The Amazon River is to Brazil what the Yellow River is to China. Over thousands of years, the grand stretch of water has fostered rich and colorful indigenous cultures in the world's largest tropical forest. Now, a part of the Amazon culture has come to brighten up Beijing.
An unfortunate morning rain soaked Beijing's Palace Museum on Tuesday, but it didn't stop the visiting Brazilian President Luiz Inacio Lula da Silva from attending the opening ceremony of the Amazonia, Native Tradition Exhibition.
The exhibition is a display of native Brazilian artifacts -- both ancient and the indigenous. Nearly 350 traditional objects are there for all to see.
China and Brazil have been increasing their level of cultural exchange over recent years. In 2003, more than one million Brazilians visited the exhibition Treasures of the Forbidden City and Xi'an Warriors in Sao Paulo. Now, Brazilian organizers hope their exhibition will prove equally attractive to Beijing residents.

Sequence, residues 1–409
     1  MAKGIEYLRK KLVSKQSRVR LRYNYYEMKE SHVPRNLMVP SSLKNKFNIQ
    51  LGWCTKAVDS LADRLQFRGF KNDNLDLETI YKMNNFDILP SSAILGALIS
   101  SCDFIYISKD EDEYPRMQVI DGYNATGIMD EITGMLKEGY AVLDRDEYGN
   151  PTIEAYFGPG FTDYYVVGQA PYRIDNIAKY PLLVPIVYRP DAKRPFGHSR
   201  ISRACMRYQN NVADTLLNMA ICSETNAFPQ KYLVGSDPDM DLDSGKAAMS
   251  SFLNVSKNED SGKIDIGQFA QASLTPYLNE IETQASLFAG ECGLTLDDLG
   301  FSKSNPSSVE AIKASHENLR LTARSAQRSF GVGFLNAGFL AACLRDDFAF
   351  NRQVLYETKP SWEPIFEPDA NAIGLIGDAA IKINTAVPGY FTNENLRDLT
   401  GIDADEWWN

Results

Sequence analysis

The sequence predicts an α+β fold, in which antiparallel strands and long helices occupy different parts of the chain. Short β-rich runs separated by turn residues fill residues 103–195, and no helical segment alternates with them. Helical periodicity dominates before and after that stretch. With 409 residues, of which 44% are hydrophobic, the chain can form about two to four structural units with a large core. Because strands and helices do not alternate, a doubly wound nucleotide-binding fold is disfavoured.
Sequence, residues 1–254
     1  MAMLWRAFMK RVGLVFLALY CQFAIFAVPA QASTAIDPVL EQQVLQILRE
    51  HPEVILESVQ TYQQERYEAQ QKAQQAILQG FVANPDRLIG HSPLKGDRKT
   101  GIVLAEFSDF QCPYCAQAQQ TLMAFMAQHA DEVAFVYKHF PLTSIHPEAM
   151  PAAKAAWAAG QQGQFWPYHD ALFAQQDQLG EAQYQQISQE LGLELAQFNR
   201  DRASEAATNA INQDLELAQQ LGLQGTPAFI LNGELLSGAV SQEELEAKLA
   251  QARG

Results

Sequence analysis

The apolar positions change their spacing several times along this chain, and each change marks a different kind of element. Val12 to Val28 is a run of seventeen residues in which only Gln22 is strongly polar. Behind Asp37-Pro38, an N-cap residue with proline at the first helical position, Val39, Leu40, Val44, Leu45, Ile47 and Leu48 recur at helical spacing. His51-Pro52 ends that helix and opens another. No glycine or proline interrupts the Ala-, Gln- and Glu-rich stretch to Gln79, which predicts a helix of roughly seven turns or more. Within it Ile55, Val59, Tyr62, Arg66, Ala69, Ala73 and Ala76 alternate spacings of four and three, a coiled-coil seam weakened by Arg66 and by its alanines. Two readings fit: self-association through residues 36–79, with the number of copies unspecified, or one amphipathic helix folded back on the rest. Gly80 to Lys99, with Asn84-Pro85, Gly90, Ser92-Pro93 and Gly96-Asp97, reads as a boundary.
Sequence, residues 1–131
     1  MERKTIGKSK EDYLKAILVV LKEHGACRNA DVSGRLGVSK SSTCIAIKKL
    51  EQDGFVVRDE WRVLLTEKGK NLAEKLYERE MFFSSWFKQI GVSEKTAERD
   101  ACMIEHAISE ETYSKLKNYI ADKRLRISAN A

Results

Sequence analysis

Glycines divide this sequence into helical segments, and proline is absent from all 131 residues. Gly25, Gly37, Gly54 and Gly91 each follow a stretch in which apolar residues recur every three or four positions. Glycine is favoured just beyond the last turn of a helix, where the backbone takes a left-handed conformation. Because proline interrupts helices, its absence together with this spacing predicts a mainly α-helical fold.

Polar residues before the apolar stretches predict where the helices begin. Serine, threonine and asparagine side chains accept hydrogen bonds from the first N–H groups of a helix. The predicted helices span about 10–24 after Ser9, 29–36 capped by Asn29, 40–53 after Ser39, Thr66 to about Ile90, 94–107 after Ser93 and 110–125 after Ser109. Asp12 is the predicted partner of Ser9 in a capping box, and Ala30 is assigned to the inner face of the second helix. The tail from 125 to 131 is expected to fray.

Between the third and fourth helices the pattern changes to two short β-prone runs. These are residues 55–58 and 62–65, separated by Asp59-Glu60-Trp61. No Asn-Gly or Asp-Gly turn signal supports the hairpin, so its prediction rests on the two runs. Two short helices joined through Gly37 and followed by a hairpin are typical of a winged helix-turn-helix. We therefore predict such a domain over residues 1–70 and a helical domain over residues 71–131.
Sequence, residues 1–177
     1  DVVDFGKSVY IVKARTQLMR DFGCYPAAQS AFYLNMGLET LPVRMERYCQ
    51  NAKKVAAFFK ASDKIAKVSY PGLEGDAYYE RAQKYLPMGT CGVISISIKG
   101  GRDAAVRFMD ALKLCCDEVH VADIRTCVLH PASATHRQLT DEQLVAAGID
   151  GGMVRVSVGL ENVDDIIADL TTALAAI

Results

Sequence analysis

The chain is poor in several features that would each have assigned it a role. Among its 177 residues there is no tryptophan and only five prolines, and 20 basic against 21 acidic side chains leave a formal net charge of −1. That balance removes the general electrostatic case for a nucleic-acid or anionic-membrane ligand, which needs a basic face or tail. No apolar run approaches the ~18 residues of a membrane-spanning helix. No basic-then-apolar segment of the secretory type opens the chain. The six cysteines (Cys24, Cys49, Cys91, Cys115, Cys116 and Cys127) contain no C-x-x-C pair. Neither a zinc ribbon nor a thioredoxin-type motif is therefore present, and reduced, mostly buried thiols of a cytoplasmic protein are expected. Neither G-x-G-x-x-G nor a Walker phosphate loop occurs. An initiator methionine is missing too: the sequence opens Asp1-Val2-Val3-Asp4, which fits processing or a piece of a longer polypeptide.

Maria Lucia Verdi, cultural attaché of Brazilian Embassy in Beijing, said, "I hope the Chinese people can come here and learn more about the status and the beauty of our primitive culture which still is alive in Brazil. The indigenous is still alive. They are part of the Brazilian culture which is now very changed. But we are very proud of our minorities as China is very proud of its minorities. "
The exhibition showcases both Brazil's past and present indigenous life. The oldest objects are hunting and fishing tools -- about eight thousand years old. This Pregnant Jaguar and Woman Figurine combine both human and animal attributes.... And these are ancient Amazonian funerary urns. They've already captured the attention of many visitors from around the world.
Pascale Desvaux, a French visitor, said, "All the traditional art from Brazil is very interesting and it's very rare to see this kind of exhibition around the world. It's really nice to see it in Beijing, in the Forbidden City."
Nestled in the heart of old Beijing, the Brazilian exhibition will be held for three months till the end of August.
(CCTV.com May 26, 2004)